The death of George IV on 6 June, however, terminated that parliament and his bill got no further; at the following General Election in August of that year he was again elected for Newark. An early measure introduced by this parliament was the Constituency Reform Bill in which it was proposed to enfranchise many of the new towns in the industrial north and reduce the number of rural constituencies. Surprisingly, Sadler took a stance against this bill and actively opposed it; the opposition won the day and parliament was dissolved. In the ensuing reshuffle, Newark was among those seats disenfranchised and Sadler was advised to stand for Aldborough in Yorkshire where the Duke of Newcastle also had influence. He was elected for Aldborough by a comfortable majority.

Around this time, Sadler seemed to lose interest in parliament affairs; no doubt the illness which proved fatal a few years later was beginning to be felt. His zeal and energy were flagging and he proved of little use to his party as he became more and more absorbed in his own pursuit - the condition of the poor. In October 1831, he introduced a bill concerning the grievances and wants of agricultural labourers in England but unfortunately the almost immediate prorogation of parliament prevented its further progress.

In the new season, the question of factory children occupied him and he introduced in December a bill for regulating the labour of children and young persons in the mills and factories of England. Its principal features were to prohibit the labour of infants under nine years and to limit the hours worked between the ages of nine and eighteen to ten hours daily exclusive of meals. The bill became known as the ten hour bill. The second reading was moved in March 1832 and his speech created much comment throughout the country; naturally, however, there was considerable opposition from employers, who maintained that the facts were being exaggerated and a committee of which Sadler was chairman, was appointed to investigate the matter. Among the witnesses called before the committee were a number of working class people, two of whom were actually dismissed from their employment for having given evidence. Whilst he continues to speak at public meetings and demonstrations up and down the country, the strain of all this work took a considerable toll on his health.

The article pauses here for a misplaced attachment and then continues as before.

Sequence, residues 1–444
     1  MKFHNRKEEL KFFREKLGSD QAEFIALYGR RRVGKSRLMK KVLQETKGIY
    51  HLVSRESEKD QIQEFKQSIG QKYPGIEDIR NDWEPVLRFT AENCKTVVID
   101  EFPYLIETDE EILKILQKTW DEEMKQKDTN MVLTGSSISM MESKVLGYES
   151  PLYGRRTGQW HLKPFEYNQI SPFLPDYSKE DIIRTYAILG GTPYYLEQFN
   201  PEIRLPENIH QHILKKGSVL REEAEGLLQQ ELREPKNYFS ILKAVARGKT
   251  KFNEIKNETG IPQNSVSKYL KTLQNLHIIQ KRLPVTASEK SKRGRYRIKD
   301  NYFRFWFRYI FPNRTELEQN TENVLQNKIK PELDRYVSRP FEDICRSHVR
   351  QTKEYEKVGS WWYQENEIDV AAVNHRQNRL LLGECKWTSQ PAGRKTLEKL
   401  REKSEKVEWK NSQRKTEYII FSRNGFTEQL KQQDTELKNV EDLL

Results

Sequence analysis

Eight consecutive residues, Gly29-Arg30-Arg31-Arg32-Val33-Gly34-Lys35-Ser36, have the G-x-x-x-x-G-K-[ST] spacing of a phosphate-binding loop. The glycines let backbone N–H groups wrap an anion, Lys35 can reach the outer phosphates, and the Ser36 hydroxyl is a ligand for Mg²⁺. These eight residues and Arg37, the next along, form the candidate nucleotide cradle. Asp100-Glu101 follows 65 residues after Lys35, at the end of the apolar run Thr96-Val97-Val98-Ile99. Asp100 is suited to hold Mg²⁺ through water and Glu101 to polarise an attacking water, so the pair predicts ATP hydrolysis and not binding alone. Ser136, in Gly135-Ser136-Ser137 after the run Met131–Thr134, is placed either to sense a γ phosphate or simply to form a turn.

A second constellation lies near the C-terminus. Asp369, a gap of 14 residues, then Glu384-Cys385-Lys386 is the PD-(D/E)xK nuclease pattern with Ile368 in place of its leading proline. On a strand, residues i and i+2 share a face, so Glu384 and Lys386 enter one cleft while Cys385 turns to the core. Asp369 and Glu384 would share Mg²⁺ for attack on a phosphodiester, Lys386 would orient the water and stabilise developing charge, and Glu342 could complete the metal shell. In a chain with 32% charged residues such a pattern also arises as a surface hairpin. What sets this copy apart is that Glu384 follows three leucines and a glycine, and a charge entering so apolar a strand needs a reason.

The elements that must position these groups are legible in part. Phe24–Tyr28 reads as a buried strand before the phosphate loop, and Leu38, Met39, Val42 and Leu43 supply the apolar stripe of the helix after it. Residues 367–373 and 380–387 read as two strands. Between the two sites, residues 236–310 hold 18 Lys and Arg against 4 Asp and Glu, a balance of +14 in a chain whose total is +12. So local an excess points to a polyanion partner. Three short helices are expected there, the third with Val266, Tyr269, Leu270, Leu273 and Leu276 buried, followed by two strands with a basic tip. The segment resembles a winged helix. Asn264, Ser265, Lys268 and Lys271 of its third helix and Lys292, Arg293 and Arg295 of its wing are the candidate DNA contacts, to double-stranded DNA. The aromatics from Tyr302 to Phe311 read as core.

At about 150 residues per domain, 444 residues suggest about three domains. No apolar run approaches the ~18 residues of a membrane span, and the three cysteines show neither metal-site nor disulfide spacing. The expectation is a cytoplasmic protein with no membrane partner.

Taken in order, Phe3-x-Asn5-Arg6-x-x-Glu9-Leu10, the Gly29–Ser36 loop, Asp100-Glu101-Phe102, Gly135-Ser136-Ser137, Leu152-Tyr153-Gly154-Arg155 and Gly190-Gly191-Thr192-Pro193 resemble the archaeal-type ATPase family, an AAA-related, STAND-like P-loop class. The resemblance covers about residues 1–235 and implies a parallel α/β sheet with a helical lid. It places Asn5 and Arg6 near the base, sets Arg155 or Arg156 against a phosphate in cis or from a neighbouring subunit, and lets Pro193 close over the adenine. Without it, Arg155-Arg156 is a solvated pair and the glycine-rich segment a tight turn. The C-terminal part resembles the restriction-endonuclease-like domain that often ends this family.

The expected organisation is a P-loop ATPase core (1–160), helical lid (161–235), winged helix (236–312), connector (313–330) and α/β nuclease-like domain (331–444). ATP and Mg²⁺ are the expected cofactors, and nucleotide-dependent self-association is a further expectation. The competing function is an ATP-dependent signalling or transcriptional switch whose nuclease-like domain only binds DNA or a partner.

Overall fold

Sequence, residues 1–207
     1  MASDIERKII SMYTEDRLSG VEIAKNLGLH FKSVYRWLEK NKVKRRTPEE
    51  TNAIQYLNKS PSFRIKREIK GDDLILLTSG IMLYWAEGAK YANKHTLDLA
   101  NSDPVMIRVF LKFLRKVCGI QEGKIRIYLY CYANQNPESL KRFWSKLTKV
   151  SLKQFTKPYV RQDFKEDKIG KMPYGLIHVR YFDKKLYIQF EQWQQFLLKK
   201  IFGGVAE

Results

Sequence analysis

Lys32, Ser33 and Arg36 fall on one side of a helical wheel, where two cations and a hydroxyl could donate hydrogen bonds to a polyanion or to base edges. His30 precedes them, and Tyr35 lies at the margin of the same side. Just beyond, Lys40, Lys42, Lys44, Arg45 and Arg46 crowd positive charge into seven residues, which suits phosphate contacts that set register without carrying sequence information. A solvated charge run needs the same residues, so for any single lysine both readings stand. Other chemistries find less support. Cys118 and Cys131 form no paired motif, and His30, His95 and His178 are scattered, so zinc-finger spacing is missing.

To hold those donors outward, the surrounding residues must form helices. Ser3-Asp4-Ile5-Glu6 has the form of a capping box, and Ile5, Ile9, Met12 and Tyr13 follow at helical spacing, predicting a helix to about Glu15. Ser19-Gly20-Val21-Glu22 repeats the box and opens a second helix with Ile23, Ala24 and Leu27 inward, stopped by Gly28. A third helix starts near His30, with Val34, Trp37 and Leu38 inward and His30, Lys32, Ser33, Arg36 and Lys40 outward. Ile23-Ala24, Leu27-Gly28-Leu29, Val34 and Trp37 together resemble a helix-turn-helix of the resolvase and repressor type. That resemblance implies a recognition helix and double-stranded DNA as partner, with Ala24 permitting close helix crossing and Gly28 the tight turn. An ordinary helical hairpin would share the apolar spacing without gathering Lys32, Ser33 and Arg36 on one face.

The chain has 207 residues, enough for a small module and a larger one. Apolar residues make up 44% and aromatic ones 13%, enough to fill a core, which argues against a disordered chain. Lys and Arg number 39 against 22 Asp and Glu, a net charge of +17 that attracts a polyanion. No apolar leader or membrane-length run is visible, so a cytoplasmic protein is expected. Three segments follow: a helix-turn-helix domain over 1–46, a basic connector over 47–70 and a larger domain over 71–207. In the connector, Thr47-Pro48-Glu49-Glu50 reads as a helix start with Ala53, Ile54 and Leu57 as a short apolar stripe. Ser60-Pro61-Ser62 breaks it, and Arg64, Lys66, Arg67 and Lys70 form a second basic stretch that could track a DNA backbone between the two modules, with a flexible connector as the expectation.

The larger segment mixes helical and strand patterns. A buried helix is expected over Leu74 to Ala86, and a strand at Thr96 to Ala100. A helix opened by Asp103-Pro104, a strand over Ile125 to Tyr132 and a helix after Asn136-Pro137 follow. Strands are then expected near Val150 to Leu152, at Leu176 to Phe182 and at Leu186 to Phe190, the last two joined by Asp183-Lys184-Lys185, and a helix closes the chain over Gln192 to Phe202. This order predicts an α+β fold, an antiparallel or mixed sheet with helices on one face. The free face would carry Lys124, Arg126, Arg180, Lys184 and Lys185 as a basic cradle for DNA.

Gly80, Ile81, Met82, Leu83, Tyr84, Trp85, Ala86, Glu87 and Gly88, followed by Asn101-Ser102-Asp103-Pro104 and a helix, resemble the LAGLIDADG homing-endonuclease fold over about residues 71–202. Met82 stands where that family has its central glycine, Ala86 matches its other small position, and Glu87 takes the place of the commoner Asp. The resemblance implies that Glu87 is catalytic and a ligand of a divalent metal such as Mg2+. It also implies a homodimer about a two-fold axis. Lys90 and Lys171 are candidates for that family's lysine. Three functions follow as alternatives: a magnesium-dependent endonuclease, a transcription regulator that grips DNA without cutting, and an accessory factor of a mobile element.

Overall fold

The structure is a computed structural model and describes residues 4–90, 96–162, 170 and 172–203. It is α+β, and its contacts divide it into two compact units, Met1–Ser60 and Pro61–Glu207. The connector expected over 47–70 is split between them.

Parliament was dissolved in December 1832 and, as Aldborough had been disenfranchised by the recent Reform Bill, Sadler was invited to stand for Leeds. The election was bitterly fought and Sadler lost to his Whig opponent, T.B. Macauley. Thus ended his short, but brilliant parliamentary career. (Two years later he stood for Huddersfield, again unsuccessfully). He continued to take an interest in the plight of the factory children but failing health prevented him taking an active part.

Sometime during 1834, he retired to Belfast and took up residence at the New Lodge, in the district which still bears that name, worshipping each Sunday at Christ Church, then a fashionable and newly built church on the outskirts of the developing town and in the pastoral care of Rev. Thomas Drew, one of the foremost and outspoken preachers of his day; Drew was not noted for impartiality and no doubt Sadler's views on the subject of Roman Catholicism drew the two men together. His illness however, had by now taken a firm grip and he suffered a rapid deterioration in his health; he died on 29 July 1835 at the comparatively early age of 56.

On Tuesday 4th August, the remains of this inestimable man were interred in Ballylesson Churchyard. The gentry and an immense number of the respectable inhabitants of Belfast and the surrounding country evinced their respect for his memory and accompanied him to the grave. A most impressive sermon was preached by Rev. Thomas Drew".

Some days later, a public meeting was held in Leeds to express respect or the memory of Michael Thomas Sadler by his former friends and townspeople. subscription was raised towards the erection of a statue which was to be laced in Leeds Parish Church; I am indebted to the Vicar of Leeds, Canon .J. Richardson, for the accompanying photograph and details of the statue. Some years ago it was removed from the parish church to an exterior site at Leeds University and is now suffering the effects of pollution and is in urgent need of restoration. The inscription below the statue reads:


Born at Doveridge in the County of Derby